• R.V. says:

      What system is the MTA using now and how is design build different? I am just curious.

      • David M says:

        Currently, the MTA designs and engineers a project (i.e. the Second Avenue Subway phase 1), and seeks out (a) contractor(s) to build it. A cost is agreed upon between both parties. However, if something goes wrong, and a design has to be changed, that leads to a cost increase because they had a change order.

        With design-build, the contractor both engineers and builds the project. This means that the contractor is completely responsible for how the project’s built. If they realize something needs to be changed and it will cost extra, they have to pay for it themselves. It removes the incentives for contractors to low-ball the price and plan for future cost increases.

        • Larry Littlefield says:

          Just for clarification, contractors aren’t low-balling any prices for the MTA. They are inflating them, to cover the hole in private sector pension plans, and because they can.

          The MTA keeps raising its estimates, which are made public. And the contractors use them as a floor.

          • R.V. says:

            Thanks appreciatethe explanation. Definitely sounds like an improvement.

          • David M says:

            Oh yeah, I know they’re over inflated. What I meant by “low-balling” is that they’ll (likely intentionally) underestimate the engineering challenges when making their bid. Then when these challenges come up, they raise prices due to a ‘necessary’ change order.

  2. LLQBTT says:

    The last time that I checked, NYC is IN NYS, so it’s not as if there’s really a jurisdictional issue as recent discussions seems to suggest. Therefore, the 90% of the MTA ridership that is in NYC is 100% in NYS. Or is Gov. Cuomo suggesting that the remaining 10% (sans a few % for CT) is somehow more of his constituents?

    • SEAN says:

      Sounds like a backwards home rule where the city is viewed separate from the rest of the state.

    • Alex says:

      And to take that a step further, the bulk of NY State’s tax base comes from NYC. Cuomo is talking out his ass as usual when he says, “I know they haven’t paid much historically.” I’m glad that there’s progress here, but of course it couldn’t happen without Andy being his usual backhanded, blowhard self. I just pray his poll numbers continue to drop so we can get someone new in next election.

      • AG says:

        Get someone new like who? Why do you all have faith in any politician??? That said – neither the city – not the state kept up funding the way it should have because indeed the city was broke. That’s a fact – not the governor’s opinion. Funding is well below what it would be if it was even inflation adjusted.

        • Bolwerk says:

          Wait, who needs faith? Cuomo is exactly like what would be expected if the Bilderberg-Trilateral Commission-Bohemian Grove-Skull ‘n Bones-Koch Enterprises crowd bought both horses in 2010. Furthermore, it’s as if they did so knowing that everyone in NYS would have enough sense to flock to the low-key closet petrolsexual over the rabid-frothing-at-the-mouth guy. Master stroke! (Yes, I’m joking, but the outcome is not a joke.)

          I quite literally can’t see how someone with a snowball’s chance in hell of winning the governor’s mansion in the near term could plausibly be worse than Cuomo. Even Bloomberg would be way better on nearly every issue.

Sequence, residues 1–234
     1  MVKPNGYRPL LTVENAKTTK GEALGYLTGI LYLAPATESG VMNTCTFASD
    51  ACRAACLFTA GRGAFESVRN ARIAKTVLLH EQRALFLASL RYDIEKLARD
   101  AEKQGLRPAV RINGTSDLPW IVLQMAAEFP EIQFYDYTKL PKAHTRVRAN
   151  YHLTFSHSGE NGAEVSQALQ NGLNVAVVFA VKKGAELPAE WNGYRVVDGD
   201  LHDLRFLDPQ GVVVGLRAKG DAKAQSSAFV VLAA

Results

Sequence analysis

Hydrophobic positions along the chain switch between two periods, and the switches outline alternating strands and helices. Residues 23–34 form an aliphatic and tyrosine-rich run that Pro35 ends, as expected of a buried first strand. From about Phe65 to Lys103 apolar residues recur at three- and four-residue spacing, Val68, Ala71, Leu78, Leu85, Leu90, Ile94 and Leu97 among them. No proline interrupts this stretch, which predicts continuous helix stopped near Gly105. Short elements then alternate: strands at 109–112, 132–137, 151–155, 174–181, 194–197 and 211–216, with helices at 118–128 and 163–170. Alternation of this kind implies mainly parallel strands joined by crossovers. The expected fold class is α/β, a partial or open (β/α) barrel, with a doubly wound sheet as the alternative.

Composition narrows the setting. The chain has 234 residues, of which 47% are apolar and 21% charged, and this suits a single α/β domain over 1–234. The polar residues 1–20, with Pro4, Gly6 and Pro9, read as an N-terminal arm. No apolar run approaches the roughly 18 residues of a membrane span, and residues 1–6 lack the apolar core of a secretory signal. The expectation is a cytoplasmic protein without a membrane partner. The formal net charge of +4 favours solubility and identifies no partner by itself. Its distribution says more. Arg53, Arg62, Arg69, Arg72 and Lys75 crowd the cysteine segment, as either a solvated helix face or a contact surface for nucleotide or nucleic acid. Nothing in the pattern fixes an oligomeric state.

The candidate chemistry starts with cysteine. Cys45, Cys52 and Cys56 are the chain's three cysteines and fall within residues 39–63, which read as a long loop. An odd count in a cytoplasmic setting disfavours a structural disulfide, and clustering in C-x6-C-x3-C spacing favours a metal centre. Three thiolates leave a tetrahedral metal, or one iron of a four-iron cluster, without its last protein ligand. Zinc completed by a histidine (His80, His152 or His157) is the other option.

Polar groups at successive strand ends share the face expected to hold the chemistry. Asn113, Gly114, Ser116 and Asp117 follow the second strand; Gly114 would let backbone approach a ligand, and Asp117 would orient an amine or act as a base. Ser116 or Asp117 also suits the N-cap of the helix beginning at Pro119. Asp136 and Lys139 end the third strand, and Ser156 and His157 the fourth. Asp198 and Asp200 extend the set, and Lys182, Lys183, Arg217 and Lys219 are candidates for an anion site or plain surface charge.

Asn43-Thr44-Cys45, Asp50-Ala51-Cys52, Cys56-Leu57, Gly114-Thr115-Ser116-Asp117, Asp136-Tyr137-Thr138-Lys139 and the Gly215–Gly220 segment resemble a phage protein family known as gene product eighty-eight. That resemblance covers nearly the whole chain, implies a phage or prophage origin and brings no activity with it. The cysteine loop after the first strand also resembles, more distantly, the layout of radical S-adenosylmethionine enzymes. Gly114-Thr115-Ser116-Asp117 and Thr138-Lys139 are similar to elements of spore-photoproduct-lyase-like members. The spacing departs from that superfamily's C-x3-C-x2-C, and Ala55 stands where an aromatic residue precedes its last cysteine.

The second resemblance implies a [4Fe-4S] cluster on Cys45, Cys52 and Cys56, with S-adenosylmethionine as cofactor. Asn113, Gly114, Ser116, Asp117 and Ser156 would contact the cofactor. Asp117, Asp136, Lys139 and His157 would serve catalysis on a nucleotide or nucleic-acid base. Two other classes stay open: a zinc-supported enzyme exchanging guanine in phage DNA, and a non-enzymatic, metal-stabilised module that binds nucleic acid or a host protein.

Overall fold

• Nathanael says:

            The whore and the “Rent is 2 Damn High” guy were both better candidates than Cuomo and would both have been better than Cuomo.

            Sure, horse-porn Palladino would have been worse, but the Republicans simply aren’t offering serious candidates any more. We have to have a real Democratic primary, but pretty much any third party candidate would be better than Cuomo too.

        • Bolwerk says:

          You pretty much would need someone like Rudy Giuliani to do worse. And maybe not even the subtle, charming Giuliani of the 1990s, but the “blacks should be more like Bill Cosby” Rudy Giuliani of today.

          Or Donald Trump. Or Carl Paladino.

          Basically, doing worse takes people who probably bat their own poop around on the kitchen floor.

  3. Larry Littlefield says:

    Are these recurring revenues we’re talking about? If not, it we are just bonding debt, we’re back in the same situation — after already paying more in taxes, tolls or something — in less than five years.

    And some of that extra MTA $1 billion is not real. Just project a real estate (transfer and mortgage recording taxes) and stock market (lower pension costs) bubble into the future.

    “He asked the city to contribute an additional $200 million per year over the next five years in addition to $1.5 billion for the non-Federal share of the next phase of the Second Ave. Subway.”

    Fine. What are the other counties putting up?

  4. Bolwerk says:

    What is this shit about us not paying much historically? We pay a lot to the state, and state support to the MTA is another phrase for paying us with our own coin.

    It’s galling how not one NYC senator or assemblyperson seems willing to call this out.

    • Alex says:

      Sometime last year I saw charts detailing what NYC pays to NY State in taxes vs. what it gets back. As you can imagine, we’re carrying the rest of the state. Just wish I could remember where I saw the exact figures. Regardless, that statement is maddening.

      • AG says:

        In the history of things – that is fairly recent. When manufacturing was king of “the Empire State” things were different. As that dissolved and Wall St. (Who everyone loves to hate) became the super profitable cash cow – the dynamic changed.